How to shop cooperatively this holiday season

November 17, 2015

KENT, Wash. (11/17/15)--It’s a trend that’s been going on for years. In an attempt to wring more profit from the biggest shopping day of the year, so many retailers start Black Friday on Thanksgiving that it’s become almost commonplace.

Many people view these early store hours as eroding family time and corrupting the meaning of Thanksgiving. The backlash has included consumer campaigns and boycotts against companies perpetuating this trend, and some companies, like Staples, are reversing course and staying closed on Thanksgiving.

Cooperatively owned REI also is bucking the trend by staying closed on Thanksgiving Day. While employees at major retailers such as Wal-Mart, Toys R Us and Target will be reporting to work early on Thanksgiving to prepare for door-busting deals, REI employees not only have the holiday off but also will get a paid holiday on Black Friday (Time Nov. 10).

While Black Friday, in the past, has been a big part of the company’s bottom line, REI can afford to close that day because it’s a cooperative, which means instead of answering to shareholders, the company serves its member-owners. For $20, REI customers own a stake in the company and receive perks such as an annual dividend check based on a percentage of much they spent at the store--typically about 10%.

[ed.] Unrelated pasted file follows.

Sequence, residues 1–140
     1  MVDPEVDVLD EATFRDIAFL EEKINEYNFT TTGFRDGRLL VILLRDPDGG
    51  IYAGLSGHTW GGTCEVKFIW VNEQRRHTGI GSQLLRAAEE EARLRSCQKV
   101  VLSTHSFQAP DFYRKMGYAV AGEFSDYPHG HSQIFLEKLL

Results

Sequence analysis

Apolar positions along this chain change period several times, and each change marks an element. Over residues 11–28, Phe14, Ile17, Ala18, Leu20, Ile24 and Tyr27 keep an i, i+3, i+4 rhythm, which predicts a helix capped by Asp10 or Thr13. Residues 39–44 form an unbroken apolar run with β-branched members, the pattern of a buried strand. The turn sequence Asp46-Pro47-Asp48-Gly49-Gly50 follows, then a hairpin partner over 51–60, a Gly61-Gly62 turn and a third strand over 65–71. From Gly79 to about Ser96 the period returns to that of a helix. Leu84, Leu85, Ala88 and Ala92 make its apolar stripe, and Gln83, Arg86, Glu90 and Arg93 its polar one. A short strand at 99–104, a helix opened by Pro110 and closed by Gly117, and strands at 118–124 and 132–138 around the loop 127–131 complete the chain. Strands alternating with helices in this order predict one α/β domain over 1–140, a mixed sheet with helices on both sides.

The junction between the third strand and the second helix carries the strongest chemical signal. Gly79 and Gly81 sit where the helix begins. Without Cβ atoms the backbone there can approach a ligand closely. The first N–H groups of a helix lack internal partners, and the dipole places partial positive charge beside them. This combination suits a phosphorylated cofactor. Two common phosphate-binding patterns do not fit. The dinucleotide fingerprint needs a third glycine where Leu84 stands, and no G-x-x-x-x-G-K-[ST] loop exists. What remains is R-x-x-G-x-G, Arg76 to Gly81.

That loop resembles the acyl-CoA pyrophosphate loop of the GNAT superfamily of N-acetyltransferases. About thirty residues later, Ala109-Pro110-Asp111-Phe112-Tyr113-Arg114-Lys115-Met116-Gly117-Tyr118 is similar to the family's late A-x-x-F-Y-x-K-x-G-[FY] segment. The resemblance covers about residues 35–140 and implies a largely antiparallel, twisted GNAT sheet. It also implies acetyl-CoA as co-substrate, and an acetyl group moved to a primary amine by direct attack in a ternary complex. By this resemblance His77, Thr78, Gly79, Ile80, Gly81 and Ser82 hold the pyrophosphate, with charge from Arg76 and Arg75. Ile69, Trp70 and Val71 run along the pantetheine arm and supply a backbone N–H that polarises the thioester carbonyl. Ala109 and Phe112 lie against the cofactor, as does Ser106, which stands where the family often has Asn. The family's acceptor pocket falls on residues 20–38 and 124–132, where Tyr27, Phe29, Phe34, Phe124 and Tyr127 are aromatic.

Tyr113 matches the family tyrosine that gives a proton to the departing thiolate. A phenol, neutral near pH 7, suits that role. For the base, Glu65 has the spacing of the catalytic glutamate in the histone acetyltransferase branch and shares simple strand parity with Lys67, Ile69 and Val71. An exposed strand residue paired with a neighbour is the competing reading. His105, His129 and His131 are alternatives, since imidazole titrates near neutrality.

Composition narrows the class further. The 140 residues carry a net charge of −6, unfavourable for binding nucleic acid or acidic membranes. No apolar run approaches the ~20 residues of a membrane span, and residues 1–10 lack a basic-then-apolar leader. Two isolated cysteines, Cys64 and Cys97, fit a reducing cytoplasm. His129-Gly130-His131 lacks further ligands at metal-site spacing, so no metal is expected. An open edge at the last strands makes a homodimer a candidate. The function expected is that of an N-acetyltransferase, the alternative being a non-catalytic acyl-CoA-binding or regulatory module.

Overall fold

“As a member-owned co-op, our definition of success goes beyond money,” REI’s CEO Jerry Stritzke said in a press release. “We think that Black Friday has gotten out of hand and so we are choosing to invest in helping people get outside with loved ones this holiday season, over spending it in the aisles.”

The Washington Post called the move “savvy marketing, a generous employee benefit, and an external display of the brand’s principles all rolled into one.” The same day that REI announced it would be closed on Black Friday, it unveiled a new company logo that includes the word “co-op” in it for the first time since 1983.

In a Bloomberg article, Mike Beall, former CEO of the National Cooperative Business Association, said the cooperative business model was resonating with young entrepreneurs.

“Everyone is coming back to this farmers-market idea,” Beall said. “It doesn’t maximize profits in a way that puts off consumers.” But while REI is one of the nation’s biggest and most recognizable cooperatives, there are many others.

If you want to support a different way of doing business this holiday season, here are some ways to patronize cooperatives:

  • Join a credit union. Credit unions offer the same services as banks, but because they’re financial cooperatives, they’re not-for-profit and can offer members lower rates and fewer fees. They also strive to educate and empower their members to become financially capable;
  • Search for cooperatives in your community. A simple Google search of “cooperative” or “co-op” should turn up nearby examples--grocers, coffee shops, breweries and bakeries are common candidates for a cooperative business model; and
  • Look to other name brands. Land O’Lakes, Ace Hardware, ShopRite, Organic Valley and Ocean Spray are all cooperatives.

To learn more about cooperatives, you can view the seven cooperative principles here. For related information, read “Why Credit Unions Really, Truly Are Different” in the Home & Family Finance Resource Center.

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